CAKE FLOUR: has the lowest protein content at only 7-8%. WAAAYY less than durum flour at 21-24%! Cake flour is made of very finely milled soft wheat. It is obviously best for cakes. Cake flour is usually bleached, which I’m going to explain shortly!
Before I move on, I wanted to explain rye flour a little bit. Like durum flour, rye flour isn’t made from the same type of wheat as the other kinds listed here. Rye four comes from rye grass wheat berries. Rye flour’s protein content is 15-17%, which would be right behind durum flour. It is a heavy flour so it is usually mixed with another flour to lighten it.
You might be wonder about buckwheat flour too. Buckwheat is actually a seed, not a wheat so buckwheat flour is in fact, gluten free!
Lastly, I wanted to bring up the controversial topic of bleaching flour. Usually a flour bag will say: Bleached & Enriched. From the research I have done there have been varying opinions about bleaching flour, ranging from “it’s fine” to “it causes diabetes.” I am neither a scientist nor a doctor but I will summarize what I believe as a person trying to be non-biased. Bleached flour is treated with a very very small amount of chlorine gas. In cake flour, bleaching it changes how a cake behaves. It will improve the structure and crumb of a cake. The bleaching process also alters how the flour reacts during baking, it takes longer for those gluten proteins to denature resulting in more time for the baked good to rise. Another reason flours are bleached is because it speeds up the aging time. All flours are aged, and they age naturally. Unbleached flour is aged naturally when flour comes in contact with oxygen. Aging flour strengthens the gluten! Bleached flour also results in a softer flour, making the baked goods softer in texture and having more volume. Compared to unbleached flour which would have more structure. The term enriched is used because when a flour is bleached all the nutrient and minerals are lost, so the flour is enriched with new nutrients. However, they aren’t all added back in.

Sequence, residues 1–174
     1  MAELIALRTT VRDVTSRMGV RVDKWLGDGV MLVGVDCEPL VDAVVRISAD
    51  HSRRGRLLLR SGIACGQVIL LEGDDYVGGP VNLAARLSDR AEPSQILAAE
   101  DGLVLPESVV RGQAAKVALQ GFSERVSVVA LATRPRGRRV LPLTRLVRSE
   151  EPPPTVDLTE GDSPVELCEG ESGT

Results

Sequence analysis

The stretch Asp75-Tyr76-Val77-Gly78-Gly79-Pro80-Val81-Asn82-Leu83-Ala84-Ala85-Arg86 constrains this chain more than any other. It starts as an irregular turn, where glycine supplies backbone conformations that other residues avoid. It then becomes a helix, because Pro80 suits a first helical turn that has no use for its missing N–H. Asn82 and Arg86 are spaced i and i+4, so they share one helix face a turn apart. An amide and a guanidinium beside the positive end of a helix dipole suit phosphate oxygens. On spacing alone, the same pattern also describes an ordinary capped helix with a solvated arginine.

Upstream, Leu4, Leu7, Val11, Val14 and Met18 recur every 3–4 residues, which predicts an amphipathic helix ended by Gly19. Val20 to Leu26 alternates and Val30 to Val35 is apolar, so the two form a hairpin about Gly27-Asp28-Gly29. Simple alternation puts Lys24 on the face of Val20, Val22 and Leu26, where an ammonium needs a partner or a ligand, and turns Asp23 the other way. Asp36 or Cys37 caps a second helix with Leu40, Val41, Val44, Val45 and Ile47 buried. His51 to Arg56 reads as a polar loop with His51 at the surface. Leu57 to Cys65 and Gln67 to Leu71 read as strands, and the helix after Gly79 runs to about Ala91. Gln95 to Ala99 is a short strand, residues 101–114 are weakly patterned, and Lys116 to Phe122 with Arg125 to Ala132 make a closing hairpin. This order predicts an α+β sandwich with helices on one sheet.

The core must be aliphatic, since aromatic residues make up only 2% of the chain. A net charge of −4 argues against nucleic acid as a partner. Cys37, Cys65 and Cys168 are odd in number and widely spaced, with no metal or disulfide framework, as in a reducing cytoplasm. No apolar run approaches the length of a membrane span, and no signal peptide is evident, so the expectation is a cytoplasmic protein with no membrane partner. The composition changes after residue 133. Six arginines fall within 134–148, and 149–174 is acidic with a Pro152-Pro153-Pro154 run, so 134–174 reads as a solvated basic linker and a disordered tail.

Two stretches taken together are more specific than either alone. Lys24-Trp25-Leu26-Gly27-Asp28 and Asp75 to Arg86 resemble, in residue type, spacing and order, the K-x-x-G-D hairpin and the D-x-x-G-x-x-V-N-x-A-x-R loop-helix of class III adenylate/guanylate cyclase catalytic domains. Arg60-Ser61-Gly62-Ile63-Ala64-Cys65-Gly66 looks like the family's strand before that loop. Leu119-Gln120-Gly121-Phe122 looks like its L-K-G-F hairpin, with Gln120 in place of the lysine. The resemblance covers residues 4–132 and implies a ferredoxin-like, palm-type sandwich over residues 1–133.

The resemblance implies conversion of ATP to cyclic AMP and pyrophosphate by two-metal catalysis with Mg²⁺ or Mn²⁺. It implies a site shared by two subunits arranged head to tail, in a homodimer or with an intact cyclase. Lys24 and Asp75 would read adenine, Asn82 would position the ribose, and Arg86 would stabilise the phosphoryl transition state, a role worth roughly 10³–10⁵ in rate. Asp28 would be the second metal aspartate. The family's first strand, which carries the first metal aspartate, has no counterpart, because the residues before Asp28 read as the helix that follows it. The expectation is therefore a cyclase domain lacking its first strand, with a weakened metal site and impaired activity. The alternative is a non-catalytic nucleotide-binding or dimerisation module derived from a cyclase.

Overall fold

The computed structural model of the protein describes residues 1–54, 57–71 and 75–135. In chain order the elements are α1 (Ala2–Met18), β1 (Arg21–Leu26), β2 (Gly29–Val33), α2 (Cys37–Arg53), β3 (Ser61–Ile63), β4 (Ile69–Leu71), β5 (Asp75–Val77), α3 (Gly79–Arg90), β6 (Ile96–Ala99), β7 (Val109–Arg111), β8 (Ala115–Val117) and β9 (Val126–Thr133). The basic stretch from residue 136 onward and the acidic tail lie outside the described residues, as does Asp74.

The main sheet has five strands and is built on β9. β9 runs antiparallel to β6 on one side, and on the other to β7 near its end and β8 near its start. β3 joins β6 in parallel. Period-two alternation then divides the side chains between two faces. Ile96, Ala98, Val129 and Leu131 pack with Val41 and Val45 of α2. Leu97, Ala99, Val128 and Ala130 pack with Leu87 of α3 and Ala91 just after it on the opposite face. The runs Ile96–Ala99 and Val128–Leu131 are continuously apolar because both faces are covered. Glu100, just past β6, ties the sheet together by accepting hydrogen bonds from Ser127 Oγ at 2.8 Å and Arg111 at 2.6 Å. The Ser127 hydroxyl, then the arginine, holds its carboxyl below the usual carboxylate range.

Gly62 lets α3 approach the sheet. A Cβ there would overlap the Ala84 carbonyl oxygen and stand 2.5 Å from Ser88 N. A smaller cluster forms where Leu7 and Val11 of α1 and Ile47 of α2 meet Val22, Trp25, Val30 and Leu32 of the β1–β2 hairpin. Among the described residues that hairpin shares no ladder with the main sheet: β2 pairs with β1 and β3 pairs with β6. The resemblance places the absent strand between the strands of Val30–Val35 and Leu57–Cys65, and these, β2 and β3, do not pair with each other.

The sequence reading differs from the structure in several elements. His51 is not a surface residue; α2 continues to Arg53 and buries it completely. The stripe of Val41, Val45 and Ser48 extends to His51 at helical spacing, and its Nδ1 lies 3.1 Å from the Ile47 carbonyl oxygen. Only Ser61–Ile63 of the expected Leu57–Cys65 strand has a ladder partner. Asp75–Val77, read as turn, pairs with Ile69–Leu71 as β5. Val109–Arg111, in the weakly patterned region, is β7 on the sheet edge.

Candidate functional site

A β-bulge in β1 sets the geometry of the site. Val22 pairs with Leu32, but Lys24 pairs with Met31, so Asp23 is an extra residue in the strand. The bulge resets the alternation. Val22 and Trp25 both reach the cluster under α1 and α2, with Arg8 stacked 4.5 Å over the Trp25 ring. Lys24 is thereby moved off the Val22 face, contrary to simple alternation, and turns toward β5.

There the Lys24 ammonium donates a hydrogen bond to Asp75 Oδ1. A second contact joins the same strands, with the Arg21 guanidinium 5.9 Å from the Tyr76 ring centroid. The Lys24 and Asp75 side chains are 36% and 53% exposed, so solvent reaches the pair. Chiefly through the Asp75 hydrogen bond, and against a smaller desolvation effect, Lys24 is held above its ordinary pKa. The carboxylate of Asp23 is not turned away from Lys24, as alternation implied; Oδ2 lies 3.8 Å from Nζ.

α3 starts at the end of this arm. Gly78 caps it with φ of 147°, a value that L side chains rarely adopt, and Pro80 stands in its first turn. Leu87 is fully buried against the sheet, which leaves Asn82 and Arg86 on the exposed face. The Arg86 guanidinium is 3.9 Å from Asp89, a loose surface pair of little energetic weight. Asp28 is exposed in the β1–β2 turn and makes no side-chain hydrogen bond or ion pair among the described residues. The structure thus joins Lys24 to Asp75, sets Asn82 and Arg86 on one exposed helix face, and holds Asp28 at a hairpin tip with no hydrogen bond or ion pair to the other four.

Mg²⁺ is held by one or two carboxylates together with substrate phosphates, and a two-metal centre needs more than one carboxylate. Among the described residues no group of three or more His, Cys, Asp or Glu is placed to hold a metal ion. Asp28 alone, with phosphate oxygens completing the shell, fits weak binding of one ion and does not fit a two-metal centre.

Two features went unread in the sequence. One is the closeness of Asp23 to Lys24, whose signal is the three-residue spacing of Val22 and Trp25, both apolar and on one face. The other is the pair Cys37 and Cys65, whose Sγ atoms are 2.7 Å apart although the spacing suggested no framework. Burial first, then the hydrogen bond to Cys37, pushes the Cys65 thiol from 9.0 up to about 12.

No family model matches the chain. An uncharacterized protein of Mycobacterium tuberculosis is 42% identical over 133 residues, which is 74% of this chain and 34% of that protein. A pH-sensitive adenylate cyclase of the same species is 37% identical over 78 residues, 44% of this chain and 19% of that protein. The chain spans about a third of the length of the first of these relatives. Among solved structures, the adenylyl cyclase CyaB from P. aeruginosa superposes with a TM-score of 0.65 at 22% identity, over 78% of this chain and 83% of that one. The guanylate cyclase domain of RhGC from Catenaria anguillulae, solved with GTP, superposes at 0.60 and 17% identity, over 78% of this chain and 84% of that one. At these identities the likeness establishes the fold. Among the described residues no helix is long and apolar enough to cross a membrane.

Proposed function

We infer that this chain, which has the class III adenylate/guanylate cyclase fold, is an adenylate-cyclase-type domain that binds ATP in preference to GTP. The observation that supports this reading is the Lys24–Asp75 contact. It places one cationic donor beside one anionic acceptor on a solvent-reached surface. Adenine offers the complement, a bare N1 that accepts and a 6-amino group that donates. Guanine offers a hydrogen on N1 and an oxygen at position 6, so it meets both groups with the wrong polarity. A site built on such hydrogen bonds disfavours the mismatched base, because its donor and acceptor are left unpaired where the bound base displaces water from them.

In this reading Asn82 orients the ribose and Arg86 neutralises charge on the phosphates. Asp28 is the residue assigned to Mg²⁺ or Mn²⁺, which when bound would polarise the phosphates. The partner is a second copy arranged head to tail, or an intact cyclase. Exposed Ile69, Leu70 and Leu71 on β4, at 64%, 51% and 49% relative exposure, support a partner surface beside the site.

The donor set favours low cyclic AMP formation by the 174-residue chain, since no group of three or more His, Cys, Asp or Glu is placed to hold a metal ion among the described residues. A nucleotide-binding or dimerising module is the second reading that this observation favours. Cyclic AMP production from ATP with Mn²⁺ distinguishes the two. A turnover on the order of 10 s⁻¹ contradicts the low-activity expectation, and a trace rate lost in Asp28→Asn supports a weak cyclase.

When it comes to bleached flour, it sounds scarier than it is. But I do think it’s a personal choice what type of flour you use. I like to use unbleached more because I think it tastes better, but I do use bleached flour occasionally too! I recommend bleached cake flour if you’re baking cake since it will make the cake rise more and make the cake more soft and delicate!
Check out my full YouTube video on this topic here: https://m.youtube.com/watch?v=cYrQjby2hvU
2 thoughts on “Baking Background Series: FLOURS”
How are you doing? Are you staying safe and well?
We’re fortunate to be self quarantined and healthy so far
Are you working right now? There are a few moms on the Facebook Hamptons moms page looking for birthday cakes and Passover and Easter treats. You might want to share your contact info there
Hi Margret! I’m doing well, and I am also self isolating. I am not working right now, I am starting a new job at Golden Pear soon after all this goes away though!
Thanks for letting me about the facebook page! I hope you and your family stay safe & healthy!